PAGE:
I recently talked to one of our Big Data / Analytics guys about overarching themes in our subject areas.
Since I’m a guy who is familiar with virtualization, backup and cloud subjects i always search for topics which have a relation to each other.
That is how we managed to talk about Splunk.
Splunk is a log, monitoring and reporting tool that makes machine data accessible and usable for all users by searching logs, metrics and other data from applications, servers and network devices and indexing them in a searchable repository. Graphics, reports and alerts can be generated there. It is designed to help system administrators identify and analyze incidents. Log data from different systems and software components can be correlated to each other. Indeed it is a very powerful tool !
Since you always need a usecase for trying out new things, i searched the splunkbase and found this:
Alright, I have a use case now: Monitoring Veeam Backup & Replication with Splunk !
Preparation prior installing Splunk
First of all, pick an operating system which you want to choose as the Splunk server. Here is a list of all supported operating systems.
I chose CentOS since I’m familiar with it. So i installed a fresh CentOS 7 virtual machine as my splunk server.
Before you install Splunk, you should create a new group and a new user with a home directory and a password.
With a “cat” on “/etc/passwd”, you will be able to see if the new group and user has been added correctly.
After you have set up the group and the user, you can forward with downloading the software. On the website of Splunk they offer a variety of download options. I went for the command-line option with “wget”. They offer you the full command which you only have to copy paste in order to download the package.
Installing Splunk on the server
When the download has finished, you can simply install the software with the “yum” package manager.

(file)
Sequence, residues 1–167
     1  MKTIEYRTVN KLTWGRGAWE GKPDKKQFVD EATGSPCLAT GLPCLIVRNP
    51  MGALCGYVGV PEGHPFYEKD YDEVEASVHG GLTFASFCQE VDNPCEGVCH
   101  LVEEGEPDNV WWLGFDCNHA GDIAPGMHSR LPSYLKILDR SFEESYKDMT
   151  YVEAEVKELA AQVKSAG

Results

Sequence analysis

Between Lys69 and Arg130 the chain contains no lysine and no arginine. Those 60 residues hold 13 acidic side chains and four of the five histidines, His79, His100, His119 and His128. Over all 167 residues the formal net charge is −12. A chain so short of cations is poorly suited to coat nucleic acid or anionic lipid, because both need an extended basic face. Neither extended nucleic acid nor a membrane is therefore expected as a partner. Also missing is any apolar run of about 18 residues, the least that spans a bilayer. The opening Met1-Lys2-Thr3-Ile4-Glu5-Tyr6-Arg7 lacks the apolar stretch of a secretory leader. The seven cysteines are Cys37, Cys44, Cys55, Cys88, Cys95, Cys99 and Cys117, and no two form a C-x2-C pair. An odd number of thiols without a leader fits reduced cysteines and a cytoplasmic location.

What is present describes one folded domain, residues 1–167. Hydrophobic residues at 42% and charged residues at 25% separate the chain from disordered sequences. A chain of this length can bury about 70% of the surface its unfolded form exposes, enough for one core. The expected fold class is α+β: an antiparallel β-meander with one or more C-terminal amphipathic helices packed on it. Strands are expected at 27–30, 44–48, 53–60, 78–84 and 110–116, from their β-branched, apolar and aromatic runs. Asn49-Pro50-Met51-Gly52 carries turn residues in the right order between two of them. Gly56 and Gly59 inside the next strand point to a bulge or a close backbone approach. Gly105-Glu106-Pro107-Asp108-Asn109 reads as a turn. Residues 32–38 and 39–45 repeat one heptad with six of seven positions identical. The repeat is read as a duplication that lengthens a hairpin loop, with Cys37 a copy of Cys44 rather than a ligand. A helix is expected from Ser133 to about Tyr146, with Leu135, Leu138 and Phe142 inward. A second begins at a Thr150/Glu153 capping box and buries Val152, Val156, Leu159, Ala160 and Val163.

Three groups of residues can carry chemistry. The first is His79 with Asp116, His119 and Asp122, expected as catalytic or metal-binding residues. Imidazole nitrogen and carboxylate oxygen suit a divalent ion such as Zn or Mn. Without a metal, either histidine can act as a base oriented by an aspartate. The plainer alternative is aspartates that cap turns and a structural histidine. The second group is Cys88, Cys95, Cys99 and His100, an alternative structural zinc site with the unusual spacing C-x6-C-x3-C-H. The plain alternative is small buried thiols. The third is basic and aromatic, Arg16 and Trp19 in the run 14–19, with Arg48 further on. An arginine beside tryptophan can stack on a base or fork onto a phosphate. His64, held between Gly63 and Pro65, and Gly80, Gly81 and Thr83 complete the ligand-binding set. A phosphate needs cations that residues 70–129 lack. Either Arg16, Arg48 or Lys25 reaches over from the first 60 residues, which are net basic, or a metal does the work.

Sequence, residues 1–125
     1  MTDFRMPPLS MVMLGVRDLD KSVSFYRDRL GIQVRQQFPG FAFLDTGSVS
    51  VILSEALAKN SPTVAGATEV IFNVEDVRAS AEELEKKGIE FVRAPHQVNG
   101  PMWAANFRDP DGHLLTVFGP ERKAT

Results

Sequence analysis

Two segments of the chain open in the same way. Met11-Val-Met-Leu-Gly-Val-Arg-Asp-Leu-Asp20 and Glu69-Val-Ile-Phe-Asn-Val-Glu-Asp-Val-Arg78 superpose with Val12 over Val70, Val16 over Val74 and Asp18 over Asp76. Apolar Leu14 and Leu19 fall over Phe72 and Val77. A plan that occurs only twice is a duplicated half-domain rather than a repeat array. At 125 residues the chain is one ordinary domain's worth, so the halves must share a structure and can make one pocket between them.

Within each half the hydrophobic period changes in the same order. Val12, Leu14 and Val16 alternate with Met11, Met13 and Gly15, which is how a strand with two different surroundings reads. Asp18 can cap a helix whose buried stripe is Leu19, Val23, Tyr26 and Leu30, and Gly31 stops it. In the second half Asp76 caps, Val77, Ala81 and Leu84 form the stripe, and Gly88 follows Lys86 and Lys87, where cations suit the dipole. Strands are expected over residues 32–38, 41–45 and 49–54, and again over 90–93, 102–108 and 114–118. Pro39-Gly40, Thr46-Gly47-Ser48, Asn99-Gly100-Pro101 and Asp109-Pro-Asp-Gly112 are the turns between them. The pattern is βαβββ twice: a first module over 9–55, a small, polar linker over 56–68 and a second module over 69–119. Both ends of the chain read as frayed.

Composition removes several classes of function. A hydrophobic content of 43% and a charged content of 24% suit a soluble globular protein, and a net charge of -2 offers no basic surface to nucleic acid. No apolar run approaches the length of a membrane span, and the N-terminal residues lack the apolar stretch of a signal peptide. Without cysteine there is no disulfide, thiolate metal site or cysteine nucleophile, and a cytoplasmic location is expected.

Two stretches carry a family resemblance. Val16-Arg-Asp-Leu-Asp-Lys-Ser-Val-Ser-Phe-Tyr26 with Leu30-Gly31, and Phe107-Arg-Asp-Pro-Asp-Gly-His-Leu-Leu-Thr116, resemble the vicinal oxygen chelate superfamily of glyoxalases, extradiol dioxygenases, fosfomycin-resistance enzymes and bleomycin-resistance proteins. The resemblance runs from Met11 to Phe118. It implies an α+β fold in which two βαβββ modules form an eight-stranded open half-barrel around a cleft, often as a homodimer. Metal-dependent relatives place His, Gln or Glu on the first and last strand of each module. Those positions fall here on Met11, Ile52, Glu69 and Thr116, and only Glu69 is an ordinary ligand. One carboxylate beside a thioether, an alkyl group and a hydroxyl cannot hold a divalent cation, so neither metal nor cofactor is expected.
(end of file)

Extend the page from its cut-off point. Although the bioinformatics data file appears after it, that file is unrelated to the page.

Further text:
As you can see, the installation so far is pretty easy. Since we now have installed the software itself, we need to change the ownership of the dedicated folder where splunk is installed.
Steps after installing Splunk
At default, Splunk gets installed under “/opt/splunk”. That’s why i chose my user home directory to be “/opt/splunk”. To change the ownership of this directory and the newly installed splunk software with all the files and folders, we have to utilize the “chown” command.
After we have set the ownership to the correct user, we simply switch to the “splunk” user and have a look at the directory with our newly installed components.
In this directory we have several binary files to manage everything Splunk has to offer. Since we want to start the server, we utilize the “splunk” binary and start the Splunk server for the first time.
Starting the Splunk server
For that we use “./splunk start –accept-license” to bring up the Splunk server.
Watch the red frames in the above screenshot. When you start your server for the first time, you will need to provide an administrative user and a password to login to the webinterface.
After you chose a user and have set the password, the server will start up.
If everthing is successful, you will see a message stating “The splunk web interface is at http://yourserver:8000”.
So let’s give it a try ! Open up a browser and go to your address.
Tada, it worked !
In this part of the series, I covered the preparation and installation of the Splunk server which will be used for receiving the data from our Veeam Backup & Replication server. Monitoring Veeam Backup & Replication with Splunk will need further configuration which I’m going to cover in the next parts of the series.
The next parts will cover the configuration on the Veeam Backup & Replication Server side and how we set up the communication to the Splunk server.
Thanks for reading and stay tuned !